Banking Cannabis: Screening Safeguards for America’s Top Banks

Banking Cannabis: Screening Safeguards for America’s Top Banks

The cannabis industry has seen explosive growth over the past several
years, with mainstream adoption of the drug and its derivatives for
medicinal and/or recreational use gaining significant traction throughout
much of the United States. Despite multi-state acceptance however,
marijuana remains illegal at the federal level – creating a conundrum for
American financial institutions lacking specific regulatory guidance and
parameters for providing services to marijuana-related businesses (MRBs)
while maintaining compliance with respective local and federal regulations.
As such, much of the legality of doing business with cannabis-related
businesses is still ambiguous, with banks left to navigate these murky
waters at their own risk. Today, MRBs – that is, any business operating in
the growing, production, processing, distribution, transport or sales of
marijuana-derived products – remain “high risk” entities in the eyes of
banks small and large given this aforementioned lack of clarity coupled with
the propensity of these businesses being cash-heavy enterprises that are
more susceptible to financial crimes such as money laundering and tax
evasion. Yet while there are inherent risks associated with the industry as a
whole, investment into this growing market has undeniable upside. Legal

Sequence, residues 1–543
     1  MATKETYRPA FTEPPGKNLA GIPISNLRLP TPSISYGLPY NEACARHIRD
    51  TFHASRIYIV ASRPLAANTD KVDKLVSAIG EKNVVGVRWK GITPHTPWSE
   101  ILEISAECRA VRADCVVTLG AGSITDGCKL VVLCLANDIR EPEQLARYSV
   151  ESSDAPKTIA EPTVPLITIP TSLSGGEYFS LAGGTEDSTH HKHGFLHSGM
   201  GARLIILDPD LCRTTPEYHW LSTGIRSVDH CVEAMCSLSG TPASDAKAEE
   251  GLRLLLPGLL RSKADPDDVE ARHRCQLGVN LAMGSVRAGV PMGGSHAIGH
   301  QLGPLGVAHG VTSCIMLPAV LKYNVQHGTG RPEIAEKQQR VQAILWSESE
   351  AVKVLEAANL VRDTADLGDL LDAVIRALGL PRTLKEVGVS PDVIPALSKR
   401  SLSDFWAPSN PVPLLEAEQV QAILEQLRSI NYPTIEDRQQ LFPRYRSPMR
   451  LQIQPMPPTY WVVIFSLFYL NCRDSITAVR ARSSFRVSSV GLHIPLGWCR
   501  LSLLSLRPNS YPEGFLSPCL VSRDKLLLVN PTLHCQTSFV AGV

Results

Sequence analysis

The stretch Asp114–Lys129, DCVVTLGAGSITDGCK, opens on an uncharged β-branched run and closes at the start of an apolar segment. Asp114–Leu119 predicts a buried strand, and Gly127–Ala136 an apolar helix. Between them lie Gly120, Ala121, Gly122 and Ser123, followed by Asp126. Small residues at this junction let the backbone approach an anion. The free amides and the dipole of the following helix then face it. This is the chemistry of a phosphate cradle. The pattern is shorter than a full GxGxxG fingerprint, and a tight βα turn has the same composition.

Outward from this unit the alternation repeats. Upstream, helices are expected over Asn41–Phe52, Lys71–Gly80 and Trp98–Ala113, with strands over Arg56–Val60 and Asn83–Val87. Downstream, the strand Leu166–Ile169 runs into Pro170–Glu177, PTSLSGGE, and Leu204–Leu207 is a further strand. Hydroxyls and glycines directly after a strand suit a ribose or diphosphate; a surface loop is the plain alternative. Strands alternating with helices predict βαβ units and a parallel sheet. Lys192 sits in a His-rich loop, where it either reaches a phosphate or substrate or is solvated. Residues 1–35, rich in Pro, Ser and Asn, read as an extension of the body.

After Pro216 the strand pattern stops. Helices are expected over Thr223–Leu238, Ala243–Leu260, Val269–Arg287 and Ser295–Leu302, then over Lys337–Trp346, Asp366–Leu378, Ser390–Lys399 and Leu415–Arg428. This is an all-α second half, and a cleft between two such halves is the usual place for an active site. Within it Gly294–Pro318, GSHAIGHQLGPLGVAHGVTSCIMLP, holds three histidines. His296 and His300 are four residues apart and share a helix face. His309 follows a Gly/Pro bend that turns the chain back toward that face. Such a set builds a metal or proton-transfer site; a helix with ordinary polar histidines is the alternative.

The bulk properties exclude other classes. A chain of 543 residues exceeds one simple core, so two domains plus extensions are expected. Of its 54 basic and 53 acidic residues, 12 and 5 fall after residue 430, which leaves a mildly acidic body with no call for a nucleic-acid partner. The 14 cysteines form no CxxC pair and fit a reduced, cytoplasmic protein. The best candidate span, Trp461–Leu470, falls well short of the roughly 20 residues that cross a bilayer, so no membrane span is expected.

marijuana sales are estimated to reach $92 billion in the U.S. in 2021 – a
30% increase from 2020 alone – with this figure expected to climb to the
area of $160 billion by 2025.1 Yet while marijuana dispensaries and other
businesses have been forced to sit on their cash as they await access to
traditional banking services, many have begun to delve into alternatives
(such as cashless ATMs, adoption of digital currency options as a means of
payment, and use of applications such as PayQwick that assist in handling
the compliance aspects of a MRBs funds transfers) that have helped to
alleviate many of the pitfalls associated with all-cash businesses.
Relief may soon be on the horizon in the form of the Secure and Fair
Enforcement (SAFE) Banking Act of 2021, a bipartisan measure which
passed in the U.S. House of Representatives in April. This bill generally
prohibits a federal banking regulator from penalizing a depository
institution for providing banking services to a legitimate cannabis-related
business.2 Prohibited penalties include terminating or limiting the deposit
insurance or share insurance of a depository institution solely because the
institution provides financial services to a legitimate cannabis-related
business and prohibiting or otherwise discouraging a depository institution
from offering financial services to such a business.2 While it remains to be
seen whether the bill will ultimately pass the U.S. Senate, the need for
banking services to better meet the growth of cannabis sales across the
country is undeniable. The Financial Crimes Enforcement Network (FinCEN) also recently
offered guidance to banks on cannabis-related businesses (CRBs) including
calling for the requests of pertinent information of respective businesses
from state enforcement and licensing authorities, as well as maintaining
practices for verifying licenses and business registration. FinCEN has also
specifically stated that more suspicious activity reports (SARs) will need to
be filed as a result of doing business with cannabis-related companies,
though given the fact that hemp is no longer a Schedule I controlled
substance under the Controlled Substances Act, banks are not required to